Debian developers manning the booth this year for one or more days were Clint Adams, Phil Blundell, Adam DiCarlo, Jimmy Kaplowitz, Joe Nahmias, Matt Taggart, and myself. We were also visited by Andres Saloman, Laurence Lane, and Bruce Perens who wanted to get his key signed so he can get back into Debian development with his User Linux initiative.
We decided we were going to do some proper PR this year but had some mixed results some of which were due to totally underestimating the response we thought we would get. I was going to produce posters and flyers. The first printer I approached to make the posters botched the job so at the last minute I had to have one made at Kinkos. They charged a hideous amount of money so I only had one made. The flyers were good but I didn't make enough and they were gone by Thursday morning. Kinkos struck again with the banner Jimmy was going to have made. It never showed up. Luckily we didn't pay for it either because once again they charged way too much. Matt and Adams' efforts were more fruitful. Matt brought swirl t-shirts, this year in powder blue with "debian/rules" on the back. (We also had a box of beige shirts with Tux on the front courtesy of TinyApps.org.) and Debian stickers and case badges. They were a huge hit as always. Adam did a phenomenal job in procuring CD donations. They also flew out of our hands in breathtaking quantities. One slight miscalculation was I asked him to get lots of Sarge netinst CDs with beta 2 of the new installer. My reasoning was that the perennial complaint is that "Debian is too hard to install." so people would be really interested in trying our new installer. But it turned out it was 7-cd sets of Woody which people were really interested in which surprised us all. All these efforts netted us as a total of over $2,000 for the project, a substantial increase over last year.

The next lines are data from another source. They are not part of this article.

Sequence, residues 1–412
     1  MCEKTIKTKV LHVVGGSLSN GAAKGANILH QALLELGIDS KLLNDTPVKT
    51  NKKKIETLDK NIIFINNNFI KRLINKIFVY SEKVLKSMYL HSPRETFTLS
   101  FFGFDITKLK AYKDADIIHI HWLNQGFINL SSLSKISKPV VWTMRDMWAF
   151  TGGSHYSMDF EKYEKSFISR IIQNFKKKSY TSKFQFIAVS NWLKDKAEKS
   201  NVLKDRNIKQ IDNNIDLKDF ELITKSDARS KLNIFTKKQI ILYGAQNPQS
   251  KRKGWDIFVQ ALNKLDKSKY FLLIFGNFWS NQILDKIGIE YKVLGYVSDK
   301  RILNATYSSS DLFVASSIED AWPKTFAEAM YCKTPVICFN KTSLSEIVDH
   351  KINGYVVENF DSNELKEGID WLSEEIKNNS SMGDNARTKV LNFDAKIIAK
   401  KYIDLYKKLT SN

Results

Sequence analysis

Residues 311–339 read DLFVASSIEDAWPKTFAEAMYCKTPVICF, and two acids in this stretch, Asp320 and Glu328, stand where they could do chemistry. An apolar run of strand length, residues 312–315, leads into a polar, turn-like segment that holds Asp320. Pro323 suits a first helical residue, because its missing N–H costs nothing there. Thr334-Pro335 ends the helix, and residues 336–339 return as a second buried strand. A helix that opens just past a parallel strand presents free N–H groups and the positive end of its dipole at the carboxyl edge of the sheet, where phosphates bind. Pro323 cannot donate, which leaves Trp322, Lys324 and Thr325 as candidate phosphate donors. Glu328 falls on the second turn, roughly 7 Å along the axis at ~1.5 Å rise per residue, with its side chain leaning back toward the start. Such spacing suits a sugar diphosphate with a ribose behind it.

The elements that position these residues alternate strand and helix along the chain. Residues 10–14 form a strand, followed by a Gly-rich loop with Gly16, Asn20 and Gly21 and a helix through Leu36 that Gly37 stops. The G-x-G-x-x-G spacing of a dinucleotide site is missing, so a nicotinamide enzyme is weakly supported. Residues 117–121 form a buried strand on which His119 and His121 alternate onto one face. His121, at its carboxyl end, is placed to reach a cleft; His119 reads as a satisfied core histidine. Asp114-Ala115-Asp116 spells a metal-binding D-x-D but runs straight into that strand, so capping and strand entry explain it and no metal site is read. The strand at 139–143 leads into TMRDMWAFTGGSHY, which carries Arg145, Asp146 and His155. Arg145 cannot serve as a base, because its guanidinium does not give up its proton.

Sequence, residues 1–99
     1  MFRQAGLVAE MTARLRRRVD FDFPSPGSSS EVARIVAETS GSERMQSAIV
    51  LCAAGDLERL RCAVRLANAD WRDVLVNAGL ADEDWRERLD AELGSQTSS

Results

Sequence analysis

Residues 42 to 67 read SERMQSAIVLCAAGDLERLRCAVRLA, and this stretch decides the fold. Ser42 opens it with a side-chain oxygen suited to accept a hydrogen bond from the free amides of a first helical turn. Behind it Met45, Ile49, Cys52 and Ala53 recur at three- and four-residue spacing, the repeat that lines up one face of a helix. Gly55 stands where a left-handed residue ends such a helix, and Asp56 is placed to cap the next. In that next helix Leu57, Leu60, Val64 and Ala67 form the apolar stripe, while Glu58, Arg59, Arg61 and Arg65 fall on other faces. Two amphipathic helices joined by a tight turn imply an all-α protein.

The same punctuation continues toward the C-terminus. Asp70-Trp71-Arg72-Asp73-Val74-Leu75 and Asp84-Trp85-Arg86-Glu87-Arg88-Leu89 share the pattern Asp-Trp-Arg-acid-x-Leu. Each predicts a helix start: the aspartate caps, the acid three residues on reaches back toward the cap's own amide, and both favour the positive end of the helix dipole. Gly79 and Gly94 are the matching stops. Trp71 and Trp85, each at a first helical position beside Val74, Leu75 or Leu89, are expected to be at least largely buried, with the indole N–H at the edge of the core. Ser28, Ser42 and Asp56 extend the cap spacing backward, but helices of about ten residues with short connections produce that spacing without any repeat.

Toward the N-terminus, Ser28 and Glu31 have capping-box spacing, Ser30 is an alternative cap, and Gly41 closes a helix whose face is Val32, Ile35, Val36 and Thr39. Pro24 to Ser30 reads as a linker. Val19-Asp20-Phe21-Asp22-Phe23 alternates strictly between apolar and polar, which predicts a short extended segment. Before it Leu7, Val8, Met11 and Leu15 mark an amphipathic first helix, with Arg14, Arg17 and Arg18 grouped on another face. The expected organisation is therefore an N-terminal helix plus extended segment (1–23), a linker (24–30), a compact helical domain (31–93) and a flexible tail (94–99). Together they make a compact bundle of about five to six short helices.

Once again Sun lent us a computer and once again we had trouble getting Debian installed on it. (Though for a different reason than last time.) We gave up and showed Debian on our laptops. Phil had an IPaq too which looked really cool. Over in the KDE booth they were demoing KDE on Debian machines and our favorite distro was to be found scattered throughout other booths too.